Has China done a good job handling H7N9?

Over the last few months, H7N9 has been making headlines around the world. As of May 9, there have been 130 identified cases. 31 of them have died and 42 of them have recovered. Fortunately, H7N9, with a fatality rate of over 20 percent, has not spread to regions outside of greater China (all identified cases were in mainland China and Taiwan). The number new cases seems also decreasing as the temperature rises and a large scale outbreak is not likely at this point.

We may have survived another flu season.


A woman wears a face mask as she walks past a poster that reads “Facing H7N9: Be Aware; Don’t Panic.” (Photo: AFP)

Epidemiologists pointed out that new pathogens of infectious diseases like influenza have posed new challenges to public health. Ten years after the SARS outbreak, the H7N9 pandemic once again reminds us new pathogens can be highly fatal. Comprehensive preparedness for public health crisis is crucial to contain massive transmission among humans, identify pathway of the disease and find effective treatments in the early stage of a pandemic.

There are four things we should learn from responses to H7N9, which has so far led to effective control of the disease.

Immediate response and transparency is key to contain transmission at early stage

The first H7N9 case was identified on March 31 and it was then quickly announced in both local and national media outlets. The relatively prompt reaction played an important role in raising people’s awareness of the disease. As a result, preventative steps (e.g., shutting down live poultry markets and avoiding close contact with live birds) may have reduced the infection.  This is a big improvement compared to how the government handled SARS, in which case it hid the numbers from WHO and media until hundreds of people were sick and a larger outbreak became inevitable.

Communication regarding the N7N9 infection cases and deaths has been transparent during the course of the outbreak. Indeed, it is nerve-racking to see the high fatality of the disease, but the numbers have also helped to put the outbreak in perspective, informing the general public that the outbreak is sporadic and there is no need to panic.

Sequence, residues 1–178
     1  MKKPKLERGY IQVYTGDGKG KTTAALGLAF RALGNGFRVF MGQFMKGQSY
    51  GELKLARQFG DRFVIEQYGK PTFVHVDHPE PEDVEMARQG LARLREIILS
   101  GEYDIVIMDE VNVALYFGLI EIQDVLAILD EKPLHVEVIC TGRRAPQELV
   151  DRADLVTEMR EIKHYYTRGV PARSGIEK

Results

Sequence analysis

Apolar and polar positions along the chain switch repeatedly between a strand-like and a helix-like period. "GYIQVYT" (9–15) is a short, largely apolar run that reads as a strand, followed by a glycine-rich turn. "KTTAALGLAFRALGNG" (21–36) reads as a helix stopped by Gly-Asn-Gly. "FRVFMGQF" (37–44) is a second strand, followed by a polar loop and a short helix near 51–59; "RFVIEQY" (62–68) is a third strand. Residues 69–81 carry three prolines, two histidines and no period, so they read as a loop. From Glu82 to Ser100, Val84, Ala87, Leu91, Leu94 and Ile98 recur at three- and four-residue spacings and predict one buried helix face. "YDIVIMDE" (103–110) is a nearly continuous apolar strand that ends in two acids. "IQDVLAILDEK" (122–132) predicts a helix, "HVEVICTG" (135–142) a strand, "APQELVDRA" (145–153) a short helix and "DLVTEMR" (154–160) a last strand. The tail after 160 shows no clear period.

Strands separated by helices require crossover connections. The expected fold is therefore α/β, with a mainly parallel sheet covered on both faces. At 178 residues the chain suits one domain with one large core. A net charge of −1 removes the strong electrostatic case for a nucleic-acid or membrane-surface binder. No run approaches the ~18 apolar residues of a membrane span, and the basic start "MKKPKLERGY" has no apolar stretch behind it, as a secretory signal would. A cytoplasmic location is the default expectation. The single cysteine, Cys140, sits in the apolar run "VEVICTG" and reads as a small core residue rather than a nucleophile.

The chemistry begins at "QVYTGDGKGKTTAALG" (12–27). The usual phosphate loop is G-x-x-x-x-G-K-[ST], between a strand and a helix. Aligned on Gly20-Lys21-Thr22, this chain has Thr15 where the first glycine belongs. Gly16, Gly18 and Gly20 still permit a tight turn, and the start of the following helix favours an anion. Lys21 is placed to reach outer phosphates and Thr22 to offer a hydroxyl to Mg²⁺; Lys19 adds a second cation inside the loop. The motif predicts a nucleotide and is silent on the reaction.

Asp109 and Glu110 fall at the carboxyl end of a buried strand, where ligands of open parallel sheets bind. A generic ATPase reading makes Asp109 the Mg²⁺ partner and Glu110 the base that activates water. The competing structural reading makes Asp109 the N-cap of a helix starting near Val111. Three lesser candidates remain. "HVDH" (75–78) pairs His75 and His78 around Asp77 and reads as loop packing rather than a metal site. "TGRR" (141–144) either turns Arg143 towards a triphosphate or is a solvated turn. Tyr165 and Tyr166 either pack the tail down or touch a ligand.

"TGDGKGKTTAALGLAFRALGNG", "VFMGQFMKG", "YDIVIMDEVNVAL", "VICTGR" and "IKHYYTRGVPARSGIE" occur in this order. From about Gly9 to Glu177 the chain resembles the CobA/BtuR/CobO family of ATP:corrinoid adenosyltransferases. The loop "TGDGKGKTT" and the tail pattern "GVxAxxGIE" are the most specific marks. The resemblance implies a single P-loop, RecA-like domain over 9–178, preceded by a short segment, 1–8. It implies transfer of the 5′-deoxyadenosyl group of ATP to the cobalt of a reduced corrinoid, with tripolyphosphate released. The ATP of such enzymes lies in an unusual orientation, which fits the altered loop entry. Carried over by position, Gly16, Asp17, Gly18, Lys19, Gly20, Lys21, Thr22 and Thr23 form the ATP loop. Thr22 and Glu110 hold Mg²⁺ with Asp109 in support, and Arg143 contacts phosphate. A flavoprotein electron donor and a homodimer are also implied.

Preparedness for pandemics is crucial

It was a painful lesson for China to learn from SARS 10 years ago (Photo: AFP)

A painful lesson the Chinese government learned from SARS is that the country was ill-prepared for acute infectious diseases. The building of public health infrastructures was much behind the country’s overall urbanization progress. With millions of people moving into cities from rural countryside, the fragile public health facilities in some cities almost collapsed when SARS hit. Meanwhile, a lack of experience in dealing with large-scale disease outbreaks resulted in a series problems that caused more lives– inefficient use of existing public health resources, avoidable infections in hospitals, slow responses from academia and low public health literacy among the general public.

A decade later, measures taken after SARS show how some of the improvements have helped highly populated cities to better deal with a dangerous disease outbreak.

Geographic distribution of national influenza surveillance sentinel hospitals in Beijing and Shanghai Municipalities and 8 provinces with confirmed human cases of avian influenza A(H7N9) virus infection, China, 2013.

Geographic distribution of national influenza surveillance sentinel hospitals in Beijing and Shanghai Municipalities and 8 provinces with confirmed human cases of avian influenza A(H7N9) virus infection, China, 2013. (Photo: CDC)

According to the CDC of China, The country has established two major  infectious disease monitoring and reporting networks—SARS Surveillance System and China National Major Infectious Diseases Surveillance System. During the H7N9 outbreak, the Ministry of Health was able to receive prompt updates directly from each province major cities. China Radio International reports that by April 8, China CDC had distributed more than 160,000 testing kits via its network that covers all labs in the country’s 31 provinces.

A group of Chinese scientists in early April published a study in Emerging Infectious Diseases, a journal published by the CDC. The study highlights the important role of Chinese National Influenza-Like Illness Surveillance Network (which was created after the H7N9 outbreak) in identifying new cases and facilitating epidemiology studies of the disease.

Share information with international counterparts

From SARS to H5N1, we have seen how a local outbreak can flare into a global crisis. Sharing information with WHO and other countries is a necessary step to avoid an outbreak on the global level.  Additionally, sharing information also expedite the process of understanding the disease and finding effective treatments.

Soon after the H7N9 virus was identified, it was sent to major labs in the U.S. and the U.K. Virologists have since worked collectively to solve mysteries surrounding H7N9, hoping to develop a vaccine.

On April 24, Chinese scientists also published a study in NEJM, analyzing the epidemiological characteristics of H7N9 and discussing how the virus changes after infecting human bodies.

As I mentioned in an earlier blog post, as significant changes have occurred in the environment we live in, new diseases are real threats to the modern society. Although H7N9 may be losing its momentum, people in public health need to stay on high alert.

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